Hesperian Health Guides

Art and media break silence about violence

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HealthWiki > Health Actions for Women > Chapter 6: Ending Gender-based Violence > Art and media break silence about violence

a girl looking at a poster that says: "Everyone has the right to life, liberty, and security of person."

Silence about gender-based violence makes it easier for abusive men to keep hurting women and LGBT people. If we do not stand up and say that violence against women is wrong, then abusers get the message that their behavior is normal and acceptable. Silence also gives victims the message that no one cares about them or their pain. There are many ways to open people’s eyes to violence in their communities and families, and say, "We as a community are against this violence!"

Popular music, radio, TV, and the Internet can reach many people with messages to raise awareness about violence. Here are some examples.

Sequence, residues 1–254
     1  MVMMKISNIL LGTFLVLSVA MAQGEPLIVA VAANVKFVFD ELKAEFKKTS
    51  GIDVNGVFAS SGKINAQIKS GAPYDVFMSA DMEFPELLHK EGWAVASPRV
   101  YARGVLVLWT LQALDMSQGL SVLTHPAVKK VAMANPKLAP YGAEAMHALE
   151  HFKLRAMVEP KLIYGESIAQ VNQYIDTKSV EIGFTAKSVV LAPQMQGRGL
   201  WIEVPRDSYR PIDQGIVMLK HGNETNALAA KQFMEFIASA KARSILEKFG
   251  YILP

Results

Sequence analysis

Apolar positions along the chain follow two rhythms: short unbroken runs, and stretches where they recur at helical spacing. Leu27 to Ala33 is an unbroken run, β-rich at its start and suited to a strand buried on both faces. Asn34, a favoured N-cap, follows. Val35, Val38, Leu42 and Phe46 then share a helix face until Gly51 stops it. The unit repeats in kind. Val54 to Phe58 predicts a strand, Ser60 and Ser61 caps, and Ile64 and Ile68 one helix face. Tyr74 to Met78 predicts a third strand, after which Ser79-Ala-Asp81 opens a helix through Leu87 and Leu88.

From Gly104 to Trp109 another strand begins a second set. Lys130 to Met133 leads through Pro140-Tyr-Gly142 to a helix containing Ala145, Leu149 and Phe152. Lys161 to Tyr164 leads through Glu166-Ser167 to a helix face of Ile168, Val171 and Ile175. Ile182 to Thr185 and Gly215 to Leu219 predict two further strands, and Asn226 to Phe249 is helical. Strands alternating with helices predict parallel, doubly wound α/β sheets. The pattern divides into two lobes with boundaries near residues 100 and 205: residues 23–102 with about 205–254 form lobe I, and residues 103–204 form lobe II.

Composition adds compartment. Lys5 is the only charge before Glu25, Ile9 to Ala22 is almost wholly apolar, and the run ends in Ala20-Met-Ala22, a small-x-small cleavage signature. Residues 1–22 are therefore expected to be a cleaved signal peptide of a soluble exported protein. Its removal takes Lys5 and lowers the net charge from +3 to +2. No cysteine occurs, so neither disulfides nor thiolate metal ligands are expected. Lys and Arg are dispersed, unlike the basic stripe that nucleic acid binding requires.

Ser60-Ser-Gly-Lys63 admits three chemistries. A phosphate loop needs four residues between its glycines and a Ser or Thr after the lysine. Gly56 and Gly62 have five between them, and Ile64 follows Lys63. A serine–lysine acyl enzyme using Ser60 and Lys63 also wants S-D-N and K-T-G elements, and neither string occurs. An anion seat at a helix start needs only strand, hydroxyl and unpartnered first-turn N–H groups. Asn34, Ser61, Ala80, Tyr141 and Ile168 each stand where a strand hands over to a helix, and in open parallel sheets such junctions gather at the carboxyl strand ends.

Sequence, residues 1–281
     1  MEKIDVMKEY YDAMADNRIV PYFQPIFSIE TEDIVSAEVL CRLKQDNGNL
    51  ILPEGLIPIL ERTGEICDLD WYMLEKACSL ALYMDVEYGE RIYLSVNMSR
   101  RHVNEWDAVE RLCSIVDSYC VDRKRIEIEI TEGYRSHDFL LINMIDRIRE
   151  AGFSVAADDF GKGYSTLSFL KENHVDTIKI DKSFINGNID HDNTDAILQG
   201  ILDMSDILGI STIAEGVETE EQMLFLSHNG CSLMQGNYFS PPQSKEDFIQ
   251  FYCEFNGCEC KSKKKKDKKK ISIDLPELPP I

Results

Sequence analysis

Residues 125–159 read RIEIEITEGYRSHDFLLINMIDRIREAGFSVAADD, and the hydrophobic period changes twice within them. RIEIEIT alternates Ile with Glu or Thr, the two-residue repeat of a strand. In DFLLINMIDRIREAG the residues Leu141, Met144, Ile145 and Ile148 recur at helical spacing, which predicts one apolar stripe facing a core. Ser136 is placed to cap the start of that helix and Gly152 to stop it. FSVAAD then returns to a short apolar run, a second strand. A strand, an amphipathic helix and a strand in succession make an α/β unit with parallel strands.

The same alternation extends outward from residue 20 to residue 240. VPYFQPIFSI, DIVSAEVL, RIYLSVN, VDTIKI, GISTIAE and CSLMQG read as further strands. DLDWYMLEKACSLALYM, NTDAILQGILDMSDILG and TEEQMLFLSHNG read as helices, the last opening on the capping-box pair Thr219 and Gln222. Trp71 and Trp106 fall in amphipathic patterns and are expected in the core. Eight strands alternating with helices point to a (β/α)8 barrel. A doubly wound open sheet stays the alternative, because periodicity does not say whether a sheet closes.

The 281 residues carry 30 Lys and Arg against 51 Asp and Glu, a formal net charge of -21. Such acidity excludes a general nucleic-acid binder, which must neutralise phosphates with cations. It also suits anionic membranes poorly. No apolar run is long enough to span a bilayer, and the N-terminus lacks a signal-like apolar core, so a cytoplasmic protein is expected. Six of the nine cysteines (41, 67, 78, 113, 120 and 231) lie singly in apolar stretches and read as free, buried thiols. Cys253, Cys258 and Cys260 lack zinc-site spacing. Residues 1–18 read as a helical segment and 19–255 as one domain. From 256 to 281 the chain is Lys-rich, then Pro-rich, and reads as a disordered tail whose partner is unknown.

Breakthrough India created a large media campaign using radio, video, leaflets, bulletin boards, and town meetings, carrying the message that women have the right to be free from violence and showing people taking action to stop gender-based violence. A music video and hit album called "Mann ke Manjeeré," or "Violence Against Women," was seen or heard by millions of people and was especially popular among youth. The album and music video were based on the true story of a woman who left a violent husband and became a truck driver to support her children.

a woman driving a truck and singing.
My mind has begun to play its own rhythm today My feet, once stilled, are dancing today... Every breath I take is filled with joy My heart is singing now I have begun to believe in myself.

Many communities created their own songs, other media, or informal actions as part of this campaign. For example, a group of adolescent boys decided to watch TV every night at a neighbor’s house to stop him from beating his wife.